asking for back issues and future editions. The industry
was not only accepting what I was putting out there, they
were pulling the rope of this newsletter demanding more
What are the challenges a publisher faces?
The biggest challenge is finding good content. For so many years in this industry, press releases were cheap advertising. Every press release put out in this industry was published. So, filtering through all of the mostly vast and meaningless press releases to find something interesting, newsworthy and relevant to clients is a real challenge. Another challenge is getting clients to share some of their internal success stories. When clients implement a new solution, develop an internal process that has a real impact on their time to market or some major cost savings, we love to hear about it. But often times adding authoring to their workload is more than they can handle, or it is difficult to get approval to share their intellectual property.
ClientSide News is involved in other activities as well, such as events, education, reports, mentoring, and technology. How do these relate to one another?
With any professional association dedicated to supporting a specific community or demographic within their community, you will find a very similar structure to CSN. Events, educational workshops, industry analysis and reports, as well as specific publications like our magazine and newsletters—each of these solutions and offerings is dedicated to helping the client-side localization professional stay on top of his or her profession and excel.
Your experience places you in the position of knowing the client, vendor and news sides of translation and localization. How has this uncommon set of experiences shaped your perspective?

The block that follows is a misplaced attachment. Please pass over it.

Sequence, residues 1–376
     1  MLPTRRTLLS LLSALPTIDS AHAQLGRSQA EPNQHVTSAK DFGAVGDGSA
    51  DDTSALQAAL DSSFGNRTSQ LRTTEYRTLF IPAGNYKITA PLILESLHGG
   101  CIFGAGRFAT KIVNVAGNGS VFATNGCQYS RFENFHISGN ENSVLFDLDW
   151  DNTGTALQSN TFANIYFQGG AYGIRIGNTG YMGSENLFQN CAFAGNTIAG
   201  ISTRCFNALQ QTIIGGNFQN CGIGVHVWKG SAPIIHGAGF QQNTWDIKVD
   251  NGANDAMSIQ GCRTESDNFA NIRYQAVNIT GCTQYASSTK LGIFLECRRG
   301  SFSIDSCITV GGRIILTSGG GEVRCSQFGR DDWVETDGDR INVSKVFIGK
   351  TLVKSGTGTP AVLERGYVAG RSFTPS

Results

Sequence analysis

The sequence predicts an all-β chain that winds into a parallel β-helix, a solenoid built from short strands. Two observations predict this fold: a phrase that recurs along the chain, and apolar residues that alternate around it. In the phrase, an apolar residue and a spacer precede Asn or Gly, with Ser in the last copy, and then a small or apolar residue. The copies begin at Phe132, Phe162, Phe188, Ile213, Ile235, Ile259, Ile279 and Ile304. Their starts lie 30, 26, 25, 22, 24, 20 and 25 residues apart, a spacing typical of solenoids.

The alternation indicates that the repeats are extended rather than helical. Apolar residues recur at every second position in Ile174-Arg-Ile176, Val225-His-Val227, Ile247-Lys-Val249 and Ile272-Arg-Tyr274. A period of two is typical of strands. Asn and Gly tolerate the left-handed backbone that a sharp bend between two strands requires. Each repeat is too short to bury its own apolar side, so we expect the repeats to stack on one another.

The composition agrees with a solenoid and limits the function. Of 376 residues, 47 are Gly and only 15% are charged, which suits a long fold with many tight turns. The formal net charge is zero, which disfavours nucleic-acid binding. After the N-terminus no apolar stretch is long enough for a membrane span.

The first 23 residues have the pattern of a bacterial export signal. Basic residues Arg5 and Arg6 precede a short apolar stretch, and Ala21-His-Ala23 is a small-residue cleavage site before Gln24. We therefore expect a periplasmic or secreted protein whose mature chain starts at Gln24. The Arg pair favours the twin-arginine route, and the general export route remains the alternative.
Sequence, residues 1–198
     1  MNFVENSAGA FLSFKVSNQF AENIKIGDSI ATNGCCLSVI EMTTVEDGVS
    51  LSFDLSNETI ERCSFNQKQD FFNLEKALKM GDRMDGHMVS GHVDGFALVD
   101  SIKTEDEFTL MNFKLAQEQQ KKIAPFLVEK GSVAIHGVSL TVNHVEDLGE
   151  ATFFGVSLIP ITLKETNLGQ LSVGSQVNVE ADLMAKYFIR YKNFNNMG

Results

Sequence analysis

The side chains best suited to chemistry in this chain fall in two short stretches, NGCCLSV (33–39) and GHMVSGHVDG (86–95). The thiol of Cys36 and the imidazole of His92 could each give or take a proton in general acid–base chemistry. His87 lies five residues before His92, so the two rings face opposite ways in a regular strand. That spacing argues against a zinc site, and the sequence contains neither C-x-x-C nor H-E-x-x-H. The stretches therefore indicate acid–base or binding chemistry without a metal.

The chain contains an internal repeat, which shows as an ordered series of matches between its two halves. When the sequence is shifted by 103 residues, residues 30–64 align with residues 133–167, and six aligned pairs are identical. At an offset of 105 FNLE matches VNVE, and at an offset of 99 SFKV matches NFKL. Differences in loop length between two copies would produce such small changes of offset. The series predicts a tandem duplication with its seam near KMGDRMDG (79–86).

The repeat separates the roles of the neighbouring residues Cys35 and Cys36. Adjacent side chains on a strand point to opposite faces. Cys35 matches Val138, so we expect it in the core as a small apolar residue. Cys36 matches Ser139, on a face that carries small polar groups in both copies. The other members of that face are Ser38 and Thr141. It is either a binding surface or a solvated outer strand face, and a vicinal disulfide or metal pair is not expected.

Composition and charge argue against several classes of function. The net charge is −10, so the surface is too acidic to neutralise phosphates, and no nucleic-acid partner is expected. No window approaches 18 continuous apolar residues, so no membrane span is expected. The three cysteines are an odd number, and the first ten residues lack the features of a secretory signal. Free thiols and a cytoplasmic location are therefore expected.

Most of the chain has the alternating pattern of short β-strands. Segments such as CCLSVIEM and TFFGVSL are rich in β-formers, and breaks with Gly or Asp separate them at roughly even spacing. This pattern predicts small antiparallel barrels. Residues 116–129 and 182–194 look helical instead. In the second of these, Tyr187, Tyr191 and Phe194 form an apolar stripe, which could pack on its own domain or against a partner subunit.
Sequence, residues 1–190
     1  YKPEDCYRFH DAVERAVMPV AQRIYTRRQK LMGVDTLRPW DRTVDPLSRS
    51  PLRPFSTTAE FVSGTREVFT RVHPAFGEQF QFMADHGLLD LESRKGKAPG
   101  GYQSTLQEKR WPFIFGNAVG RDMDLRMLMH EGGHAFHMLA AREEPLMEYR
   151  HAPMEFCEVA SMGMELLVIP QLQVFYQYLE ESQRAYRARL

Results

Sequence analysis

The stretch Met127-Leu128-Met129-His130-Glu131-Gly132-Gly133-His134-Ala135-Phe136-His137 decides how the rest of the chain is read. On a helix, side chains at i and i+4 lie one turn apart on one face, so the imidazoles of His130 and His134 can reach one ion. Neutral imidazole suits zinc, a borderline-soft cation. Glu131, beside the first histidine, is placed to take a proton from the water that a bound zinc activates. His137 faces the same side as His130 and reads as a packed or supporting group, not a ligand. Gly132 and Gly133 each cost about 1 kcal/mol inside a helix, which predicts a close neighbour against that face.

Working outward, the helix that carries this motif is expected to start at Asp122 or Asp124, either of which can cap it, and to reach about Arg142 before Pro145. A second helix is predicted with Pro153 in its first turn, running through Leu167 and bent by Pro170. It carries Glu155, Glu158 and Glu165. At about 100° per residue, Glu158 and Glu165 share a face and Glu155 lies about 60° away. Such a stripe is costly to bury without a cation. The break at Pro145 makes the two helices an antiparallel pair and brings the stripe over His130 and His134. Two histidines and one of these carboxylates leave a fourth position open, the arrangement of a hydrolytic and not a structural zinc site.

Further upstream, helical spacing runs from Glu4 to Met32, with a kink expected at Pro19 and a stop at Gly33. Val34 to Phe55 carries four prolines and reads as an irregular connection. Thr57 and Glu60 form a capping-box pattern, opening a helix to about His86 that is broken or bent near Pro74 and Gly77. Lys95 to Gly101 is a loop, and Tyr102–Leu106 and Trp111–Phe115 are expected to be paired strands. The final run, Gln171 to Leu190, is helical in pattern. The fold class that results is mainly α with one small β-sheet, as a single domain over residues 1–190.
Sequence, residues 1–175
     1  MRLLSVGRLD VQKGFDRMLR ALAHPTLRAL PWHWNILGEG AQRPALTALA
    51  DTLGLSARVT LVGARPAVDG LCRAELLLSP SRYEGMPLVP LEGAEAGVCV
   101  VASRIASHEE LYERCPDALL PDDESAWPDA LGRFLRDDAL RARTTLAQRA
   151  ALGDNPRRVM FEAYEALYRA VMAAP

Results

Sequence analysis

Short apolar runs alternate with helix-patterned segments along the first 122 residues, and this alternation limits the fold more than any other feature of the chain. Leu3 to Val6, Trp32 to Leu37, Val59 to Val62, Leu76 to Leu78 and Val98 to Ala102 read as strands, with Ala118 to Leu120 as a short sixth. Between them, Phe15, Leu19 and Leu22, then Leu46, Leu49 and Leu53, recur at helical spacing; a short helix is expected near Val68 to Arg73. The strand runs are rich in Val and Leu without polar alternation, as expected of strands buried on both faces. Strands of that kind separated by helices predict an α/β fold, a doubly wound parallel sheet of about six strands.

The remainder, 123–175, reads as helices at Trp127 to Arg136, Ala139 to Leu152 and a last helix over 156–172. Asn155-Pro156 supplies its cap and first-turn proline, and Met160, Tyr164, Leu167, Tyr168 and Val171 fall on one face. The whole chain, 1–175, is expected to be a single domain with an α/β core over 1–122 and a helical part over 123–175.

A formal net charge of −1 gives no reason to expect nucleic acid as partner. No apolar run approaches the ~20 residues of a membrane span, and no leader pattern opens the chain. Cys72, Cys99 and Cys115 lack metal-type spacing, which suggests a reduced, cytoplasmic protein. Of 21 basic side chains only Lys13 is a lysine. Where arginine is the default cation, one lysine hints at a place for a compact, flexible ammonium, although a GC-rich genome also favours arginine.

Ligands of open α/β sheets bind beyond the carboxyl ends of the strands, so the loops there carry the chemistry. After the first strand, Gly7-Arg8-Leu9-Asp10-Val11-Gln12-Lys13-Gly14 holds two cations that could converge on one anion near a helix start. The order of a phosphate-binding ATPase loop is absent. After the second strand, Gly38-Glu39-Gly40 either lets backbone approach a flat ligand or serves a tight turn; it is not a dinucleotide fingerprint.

It is very true, my job is to stay “in the know” about everything going on in this industry, and everything that may have impact on this industry. I feel overwhelmed by the responsibility sometimes and just the sheer volume of information I process each day. But it is very rewarding and very interesting to be in that position.
What have you learned that surprised you the most?
The thing that has surprised me the most about our industry is how incredibly small the world really is how quickly information disseminates in this industry. But the real shock is how EVERYONE knows Renato! [Editor's note: for those of you who are less familiar with our industry, Renato Beninatto, along with Shaun, is another key thought leader in the translation and localization world.]
This month’s issue of E-Buzz is focused on doing business with China, especially for those who may be considering it for the first time. Do you have any thoughts on how a company just entering the global market rapidly matures its operations, particularly in China?